Finishing the sentence I was reading, I glanced up at my daughter who had quietly entered the room. Standing beside my bed, she struggled to get the words out.
“I feel so guilty.” I watched as a wave crashed through her, spilling twin rivulets of sorrow down her flushed cheeks. “I should be able to control this by now!” She swiped her face with frustration.
This week I’ve been musing on the raising of teens and just what a dangerous endeavor it can be. I suppose parenting in general, really. It’s this seemingly never-ending cycle of need and rejection that starts in infancy, cruises along, and really hits its stride in the preteen or teenage years.
Teens are funny creatures. No longer children, yet not quite adults, they reel you in with need and vulnerability, firing off every nurturing mama-nerve you possess. When one’s baby is struggling, it’s a visceral response that comes out. We want to help. We want to offer wisdom. After all, we have a lot more life experience to draw from.
So we start momming.
In my last post I wrote a grand set up for this 2019 Beautiful Truths #4, and now I find that I’m struggling to put words to it. In my attempts to narrow down and actually define this truth, I have lots of words and phrases that run through my head.
My beautiful truth #4 of 2019 actually started a couple of years prior, so I thought I’d write a post to segue into it, rather than try to cram it all into one epically long post.
I actually wrote this piece several years ago. Today my son turns 20. Twenty. No longer a baby, no longer a boy scout, a dancer, or a teenager. He is really and truly a man, and I couldn’t be more proud of him.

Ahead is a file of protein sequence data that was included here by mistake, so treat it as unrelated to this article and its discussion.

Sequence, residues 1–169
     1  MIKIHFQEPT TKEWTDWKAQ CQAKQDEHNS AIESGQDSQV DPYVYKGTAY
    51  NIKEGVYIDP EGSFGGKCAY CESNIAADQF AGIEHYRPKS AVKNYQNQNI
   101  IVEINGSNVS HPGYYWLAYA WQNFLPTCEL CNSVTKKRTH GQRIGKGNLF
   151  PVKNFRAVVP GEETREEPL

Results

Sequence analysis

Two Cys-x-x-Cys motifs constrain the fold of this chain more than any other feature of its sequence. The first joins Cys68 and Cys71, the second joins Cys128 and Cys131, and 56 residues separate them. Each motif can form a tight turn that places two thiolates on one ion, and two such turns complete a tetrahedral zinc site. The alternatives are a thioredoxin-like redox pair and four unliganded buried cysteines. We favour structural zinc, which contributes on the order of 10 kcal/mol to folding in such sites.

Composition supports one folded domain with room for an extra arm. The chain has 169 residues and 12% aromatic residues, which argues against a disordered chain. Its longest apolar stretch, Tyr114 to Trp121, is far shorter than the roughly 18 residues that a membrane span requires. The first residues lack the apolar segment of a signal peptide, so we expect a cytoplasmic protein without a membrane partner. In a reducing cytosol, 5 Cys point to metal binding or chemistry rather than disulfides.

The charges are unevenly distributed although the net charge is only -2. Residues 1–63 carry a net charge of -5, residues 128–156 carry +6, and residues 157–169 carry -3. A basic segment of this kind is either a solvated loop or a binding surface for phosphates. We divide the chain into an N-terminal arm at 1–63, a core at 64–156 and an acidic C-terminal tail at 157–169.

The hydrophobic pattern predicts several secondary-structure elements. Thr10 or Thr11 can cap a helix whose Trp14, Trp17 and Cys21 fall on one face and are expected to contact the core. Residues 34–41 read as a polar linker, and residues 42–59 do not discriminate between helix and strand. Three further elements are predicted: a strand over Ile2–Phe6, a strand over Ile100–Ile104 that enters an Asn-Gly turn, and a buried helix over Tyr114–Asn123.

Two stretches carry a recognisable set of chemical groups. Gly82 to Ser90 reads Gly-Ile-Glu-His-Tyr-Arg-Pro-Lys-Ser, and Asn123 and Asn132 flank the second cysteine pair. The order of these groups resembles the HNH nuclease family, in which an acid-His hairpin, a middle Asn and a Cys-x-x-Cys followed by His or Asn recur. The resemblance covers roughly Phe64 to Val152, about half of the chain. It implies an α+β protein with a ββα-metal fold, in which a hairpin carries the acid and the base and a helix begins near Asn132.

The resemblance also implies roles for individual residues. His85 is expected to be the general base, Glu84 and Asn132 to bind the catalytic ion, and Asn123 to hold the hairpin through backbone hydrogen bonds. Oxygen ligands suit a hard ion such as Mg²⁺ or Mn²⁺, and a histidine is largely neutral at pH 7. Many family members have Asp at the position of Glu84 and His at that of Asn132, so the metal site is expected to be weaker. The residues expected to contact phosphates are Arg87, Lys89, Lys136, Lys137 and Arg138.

So take heart, my mama friends who struggle with kids who learn differently, kids who stretch you, who baffle you, who make you doubt your ability to do this momming gig. Our Father’s got them. And in His time, they will turn out to be far more than you dare to imagine…
Better Than I Imagined
My finger was bleeding. As I watched the crimson bead form on my fingertip I wished, not for the first time, that I was more skilled with a sewing needle. I reflexively put the injured digit in my mouth and looked down at the size 10 men’s ballet slipper resting in my lap. I had to get the elastics on before my son’s next lesson. Resuming my work, I smiled as I thought of all that had led to this rather surreal moment. My son, the ballerina?
My last nerve was exposed and raw, just waiting for a spark that would ignite it like the fuse on a stick of dynamite. When my daughter entered the room in tears, the match was lit.
We’ve been in the middle of rehearsals for a theatrical production and the choreography wasn’t turning out as she’d hoped. The grand visions in her head simply weren’t panning out in the sphere of reality and as a result, she felt stuck and unable to continue.
This sweet, smart, sensitive daughter of mine is my polar opposite in many ways. Most notably, she is emotionally expressive, while I am not. My daughter and I have a major disconnect in this area, and as I said, on this particular day I was already operating with the last nerve ready to be tweaked.
“Have you ever thought about trying some positive motivation?”
My friend’s words were spoken gently, with a hint of hesitation. Even so, I bristled. Spouting off some lame excuse, I ended the conversation, hung up the phone, and nursed my stinging pride. Positive motivation? What did she think I was, some screeching harridan, oppressing my children with my negative parenting? Harrumph!